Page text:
According to the City of Fargo, Fargo spent around $36.9 million fighting floods since 1994.
According to the City of Fargo, Fargo received around $14.1 million in federal reimbursements with another $7 million pending.
Since 1994, the City of Fargo has spent around $22.8 million dollars fighting floods (after reimbursement), which is averages out to $1.14 million per year.
So it does beg the question, why not complete internal protection to further reduce annual flood fighting costs as opposed to the multi-billion dollar project touting $3.6 million in annual maintenance.
The annual $3.6 million dollar in maintenance alone more than triples the annual average flood fighting costs and is a cost that will NEVER go away and will adjust upwards with inflation.
Even more curious is the mere fact that Fargo could spend $3.6 million in flood fighting costs every year for 500 years to equal the proposed $1.8 billion Fargo Dam and FM Diversion price tag.
Fargo Diversion Authority leaders are well aware of the deception they’ve laid before the taxpayers and they are manipulating every angle to evoke irrational fear of future flood events that are statistically not plausible.
Neither the Fargo Diversion Authority or U.S. Army Corps of Engineers has any proof that future events will reach the levels forecast in their modeling designed to justify the project.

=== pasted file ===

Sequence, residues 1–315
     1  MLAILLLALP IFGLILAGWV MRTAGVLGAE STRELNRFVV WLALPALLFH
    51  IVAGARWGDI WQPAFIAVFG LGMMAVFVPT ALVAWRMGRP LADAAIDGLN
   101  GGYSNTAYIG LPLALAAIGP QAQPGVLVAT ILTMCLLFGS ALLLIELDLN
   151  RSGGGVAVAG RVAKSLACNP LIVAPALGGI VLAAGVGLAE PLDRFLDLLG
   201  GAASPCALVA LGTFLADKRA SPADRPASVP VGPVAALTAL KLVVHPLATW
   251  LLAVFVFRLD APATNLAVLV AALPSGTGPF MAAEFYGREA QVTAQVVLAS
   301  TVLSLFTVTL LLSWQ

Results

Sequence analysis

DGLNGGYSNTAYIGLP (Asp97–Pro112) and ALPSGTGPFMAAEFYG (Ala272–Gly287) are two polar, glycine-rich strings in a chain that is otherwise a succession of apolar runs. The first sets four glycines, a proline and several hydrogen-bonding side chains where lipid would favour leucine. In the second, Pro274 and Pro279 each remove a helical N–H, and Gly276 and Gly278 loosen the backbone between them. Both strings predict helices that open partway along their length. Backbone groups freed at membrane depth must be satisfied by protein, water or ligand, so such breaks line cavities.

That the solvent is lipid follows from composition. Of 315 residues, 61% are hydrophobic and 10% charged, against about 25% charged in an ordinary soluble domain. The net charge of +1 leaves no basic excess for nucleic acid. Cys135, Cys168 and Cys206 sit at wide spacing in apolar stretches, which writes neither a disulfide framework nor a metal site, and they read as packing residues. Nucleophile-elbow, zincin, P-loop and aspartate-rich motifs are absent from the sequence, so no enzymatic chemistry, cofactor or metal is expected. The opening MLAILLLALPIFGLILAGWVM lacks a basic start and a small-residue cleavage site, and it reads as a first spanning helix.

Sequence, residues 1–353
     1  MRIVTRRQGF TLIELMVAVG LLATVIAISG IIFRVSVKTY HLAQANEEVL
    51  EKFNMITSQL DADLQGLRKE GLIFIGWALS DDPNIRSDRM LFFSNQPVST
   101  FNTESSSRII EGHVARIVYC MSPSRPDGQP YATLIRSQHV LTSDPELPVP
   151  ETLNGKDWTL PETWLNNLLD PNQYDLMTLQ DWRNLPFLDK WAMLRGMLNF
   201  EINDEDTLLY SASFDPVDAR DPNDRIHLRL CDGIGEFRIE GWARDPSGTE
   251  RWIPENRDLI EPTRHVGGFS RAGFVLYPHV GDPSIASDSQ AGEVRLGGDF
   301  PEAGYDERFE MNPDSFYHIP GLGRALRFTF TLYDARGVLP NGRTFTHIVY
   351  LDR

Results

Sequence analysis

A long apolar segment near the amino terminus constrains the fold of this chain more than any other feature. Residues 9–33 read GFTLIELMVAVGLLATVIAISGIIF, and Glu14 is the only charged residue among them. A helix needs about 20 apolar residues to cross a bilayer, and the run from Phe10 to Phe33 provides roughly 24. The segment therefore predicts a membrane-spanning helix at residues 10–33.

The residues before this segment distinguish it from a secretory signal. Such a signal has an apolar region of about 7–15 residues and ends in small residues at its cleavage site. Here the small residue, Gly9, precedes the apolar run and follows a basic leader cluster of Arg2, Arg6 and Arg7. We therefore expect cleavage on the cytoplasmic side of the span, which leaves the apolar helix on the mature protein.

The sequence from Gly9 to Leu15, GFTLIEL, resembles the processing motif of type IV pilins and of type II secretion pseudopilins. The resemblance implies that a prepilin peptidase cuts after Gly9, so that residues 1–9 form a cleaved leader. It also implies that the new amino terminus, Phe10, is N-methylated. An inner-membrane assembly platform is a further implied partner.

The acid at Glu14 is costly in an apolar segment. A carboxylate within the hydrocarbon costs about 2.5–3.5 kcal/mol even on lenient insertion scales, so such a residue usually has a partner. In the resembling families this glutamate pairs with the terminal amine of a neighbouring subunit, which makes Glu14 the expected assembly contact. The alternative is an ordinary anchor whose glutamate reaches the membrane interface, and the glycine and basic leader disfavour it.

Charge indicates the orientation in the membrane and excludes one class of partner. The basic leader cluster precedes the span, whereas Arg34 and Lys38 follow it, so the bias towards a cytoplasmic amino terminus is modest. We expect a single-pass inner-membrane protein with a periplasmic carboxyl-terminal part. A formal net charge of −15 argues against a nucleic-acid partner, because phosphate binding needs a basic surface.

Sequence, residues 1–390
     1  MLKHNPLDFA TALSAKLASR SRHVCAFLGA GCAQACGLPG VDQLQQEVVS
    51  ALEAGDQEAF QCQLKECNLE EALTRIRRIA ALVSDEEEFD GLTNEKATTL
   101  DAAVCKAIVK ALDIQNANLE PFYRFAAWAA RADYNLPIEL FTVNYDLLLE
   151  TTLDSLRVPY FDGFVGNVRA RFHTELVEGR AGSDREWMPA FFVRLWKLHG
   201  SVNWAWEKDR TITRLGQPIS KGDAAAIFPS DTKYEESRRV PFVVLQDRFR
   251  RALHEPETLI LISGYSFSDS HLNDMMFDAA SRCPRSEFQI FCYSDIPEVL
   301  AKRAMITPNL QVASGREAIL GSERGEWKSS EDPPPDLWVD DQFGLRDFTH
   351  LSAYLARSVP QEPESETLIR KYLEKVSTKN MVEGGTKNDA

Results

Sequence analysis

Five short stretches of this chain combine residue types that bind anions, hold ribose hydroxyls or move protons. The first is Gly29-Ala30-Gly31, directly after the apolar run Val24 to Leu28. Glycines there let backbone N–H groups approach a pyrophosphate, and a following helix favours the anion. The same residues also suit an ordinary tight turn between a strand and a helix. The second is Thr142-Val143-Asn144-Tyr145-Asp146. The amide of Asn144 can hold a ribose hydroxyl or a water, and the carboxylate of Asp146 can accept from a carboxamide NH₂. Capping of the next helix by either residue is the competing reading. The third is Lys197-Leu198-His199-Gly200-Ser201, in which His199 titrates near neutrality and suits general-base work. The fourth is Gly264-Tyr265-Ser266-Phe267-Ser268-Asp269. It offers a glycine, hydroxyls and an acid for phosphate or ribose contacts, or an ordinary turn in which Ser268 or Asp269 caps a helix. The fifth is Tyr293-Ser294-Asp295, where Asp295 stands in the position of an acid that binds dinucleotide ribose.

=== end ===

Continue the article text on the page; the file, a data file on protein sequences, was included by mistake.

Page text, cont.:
In fact, there is nothing to say the 2009 event isn’t the maximum event that Fargo will see in the lifetime of everyone currently living.
The one thing that will invariably increase future floods with less water is Fargo’s further encroachment into the last natural flood plain south of the city. It is the main reason why many property owners are now having to pay flood insurance.
|** FACT **||Had Fargo completed internal flood protection since the 2009 flood, the majority of Fargo property owners receiving flood insurance notices would not be required to carry flood insurance.
Fargo’s incentive to complete internal flood protection is low, because it would reduce the need for the overall Fargo Dam and FM Diversion project.
There is a high cost to natural flood plain encroachment. If developers can shift that burden to the checkout, property tax assessments and flood insurance premiums…, they win big!
All courtesy of the Fargo Diversion Authority, doing that “Killdeer thing” with water, to facilitate their land grab to benefit Fargo developers.
It is, as if, Fargo wants to drive an Escalade and live off food stamps.
Is there any reason upstream and downstream interests should shoulder the burden for Fargo’s desire to develop the last natural flood plain south of the metro area?
Is there any reason Minnesota rights should take a backseat to Fargo’s land grab and the impacts it creates to areas outside Fargo’s jurisdictional boundaries?
Is there any reason the current Fargo Dam and FM Diversion proposal should move forward when no genuine effort was made to include impacted stakeholders or the least impactful alternative solution?
Just think…, based on the same costs provided by the USACE, had the Fargo Dam and FM Diversion been built in 1994, taxpayers could have spent $75.6 million dollars in maintenance plus another $2 billion in project costs avoiding $36.9 million dollars in ACTUAL flood fighting costs. With ZERO protection for internal flooding of the lowest developed areas due to heavy rainfall events.
…and Fargo wants people to believe that’s a bargain…